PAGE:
The space launch system (SLS) is a super heavy expendable launch vehicle that NASA has been developing since 2011. It will be able to launch heavy payloads into orbit and provide a basis for human exploration beyond Earth orbit. SLS is designed to be evolvable, so it can support many types of tasks in the future. These larger and more powerful SLS versions will require larger and more powerful boosters.
As part of the development of this upgraded booster, engineers successfully launched a 2-foot diameter subscale solid rocket booster at NASA Marshall Space Flight Center in Huntsville, Alabama on June 1 local time.
It is reported that the test was conducted in the East test area of Marshall and generated 92000 pounds of thrust. As part of the booster obsolescence and life extension (Bole) plan, it will provide upgraded booster design for the evolution configuration of Artemis IX and future space launch system rockets. The bole booster will be a larger and more powerful solid rocket motor that will enable SLS rockets to deliver heavier payloads to the moon and elsewhere.
It is understood that this test is the second test of this series. The purpose is to evaluate the new engine design, in which a half section, a new propellant, a new rear dome design and a new nozzle design are added. The first test was completed on December 2 last year, when 76400 pounds of thrust was generated.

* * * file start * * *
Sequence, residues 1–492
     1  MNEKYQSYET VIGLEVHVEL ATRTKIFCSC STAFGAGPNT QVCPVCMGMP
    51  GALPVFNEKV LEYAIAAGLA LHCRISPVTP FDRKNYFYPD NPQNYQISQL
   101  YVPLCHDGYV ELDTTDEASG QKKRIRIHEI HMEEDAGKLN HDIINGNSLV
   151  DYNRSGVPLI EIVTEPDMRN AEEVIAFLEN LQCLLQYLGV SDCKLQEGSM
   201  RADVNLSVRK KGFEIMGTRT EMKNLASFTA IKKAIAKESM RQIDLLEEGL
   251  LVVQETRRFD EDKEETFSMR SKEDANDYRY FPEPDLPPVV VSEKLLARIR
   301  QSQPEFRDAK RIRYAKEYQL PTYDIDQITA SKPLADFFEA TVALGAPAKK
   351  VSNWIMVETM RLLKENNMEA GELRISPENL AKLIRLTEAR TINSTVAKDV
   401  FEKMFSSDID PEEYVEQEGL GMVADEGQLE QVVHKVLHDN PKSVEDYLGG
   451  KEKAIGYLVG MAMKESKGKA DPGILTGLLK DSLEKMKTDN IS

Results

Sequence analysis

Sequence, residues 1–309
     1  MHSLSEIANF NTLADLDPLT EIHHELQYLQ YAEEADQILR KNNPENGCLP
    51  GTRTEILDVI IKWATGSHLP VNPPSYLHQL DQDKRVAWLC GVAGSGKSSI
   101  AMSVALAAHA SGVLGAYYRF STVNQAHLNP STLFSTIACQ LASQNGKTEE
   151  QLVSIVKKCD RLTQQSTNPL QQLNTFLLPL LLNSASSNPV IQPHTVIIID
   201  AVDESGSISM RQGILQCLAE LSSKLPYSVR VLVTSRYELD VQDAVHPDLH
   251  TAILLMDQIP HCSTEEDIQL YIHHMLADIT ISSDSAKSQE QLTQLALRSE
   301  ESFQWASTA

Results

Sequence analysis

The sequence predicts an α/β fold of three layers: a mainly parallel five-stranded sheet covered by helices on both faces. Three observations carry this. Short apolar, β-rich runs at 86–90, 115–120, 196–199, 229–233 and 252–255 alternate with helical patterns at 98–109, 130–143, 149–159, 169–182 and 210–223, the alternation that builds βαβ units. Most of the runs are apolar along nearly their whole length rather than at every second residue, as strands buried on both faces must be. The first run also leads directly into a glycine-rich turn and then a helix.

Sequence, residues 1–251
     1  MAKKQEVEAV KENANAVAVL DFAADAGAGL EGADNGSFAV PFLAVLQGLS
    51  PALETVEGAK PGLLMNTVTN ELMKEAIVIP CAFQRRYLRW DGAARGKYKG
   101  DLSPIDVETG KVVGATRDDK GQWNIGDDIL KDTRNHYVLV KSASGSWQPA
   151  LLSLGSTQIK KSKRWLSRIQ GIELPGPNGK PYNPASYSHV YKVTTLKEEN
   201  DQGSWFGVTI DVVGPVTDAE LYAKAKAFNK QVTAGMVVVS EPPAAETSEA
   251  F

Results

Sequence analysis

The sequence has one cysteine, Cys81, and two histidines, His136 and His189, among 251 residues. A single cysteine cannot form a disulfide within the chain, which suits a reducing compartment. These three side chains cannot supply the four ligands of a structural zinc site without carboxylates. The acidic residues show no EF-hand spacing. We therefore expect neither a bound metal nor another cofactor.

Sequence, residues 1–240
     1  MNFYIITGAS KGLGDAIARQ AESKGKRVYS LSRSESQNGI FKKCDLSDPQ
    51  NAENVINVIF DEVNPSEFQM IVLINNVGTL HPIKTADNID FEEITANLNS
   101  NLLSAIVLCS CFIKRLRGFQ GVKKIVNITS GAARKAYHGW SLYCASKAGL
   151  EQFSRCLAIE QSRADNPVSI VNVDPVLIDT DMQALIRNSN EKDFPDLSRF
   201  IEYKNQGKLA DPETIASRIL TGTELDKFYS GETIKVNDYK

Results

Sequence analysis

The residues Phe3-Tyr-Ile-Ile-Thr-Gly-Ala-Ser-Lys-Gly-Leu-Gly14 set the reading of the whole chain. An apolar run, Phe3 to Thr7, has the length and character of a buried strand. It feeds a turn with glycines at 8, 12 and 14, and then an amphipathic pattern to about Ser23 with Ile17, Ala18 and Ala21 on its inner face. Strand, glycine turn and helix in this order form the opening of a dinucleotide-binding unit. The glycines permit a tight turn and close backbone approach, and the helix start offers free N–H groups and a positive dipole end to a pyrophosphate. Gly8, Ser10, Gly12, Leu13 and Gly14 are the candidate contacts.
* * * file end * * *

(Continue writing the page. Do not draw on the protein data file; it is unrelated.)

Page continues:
In this second test, Northrop Grumman, the chief booster contractor, used a different propellant from the first test, which put the engine under the maximum expected working pressure that may be experienced on the launch day. Engineers will use the test data to analyze the performance of the engine under this pressure, which may reach a very hot day on the launch pad of NASA Kennedy Space Center in Florida.
The third scale test of the new design planned to be carried out next year will evaluate the alternative materials of the motor nozzle and insulation materials. Sub scale engine test is an important step to understand the performance of Bole engine in full scale. The team is working to complete the final design for full-scale motor testing at Northrop Grumman's test facility in Utah in the spring of 2024.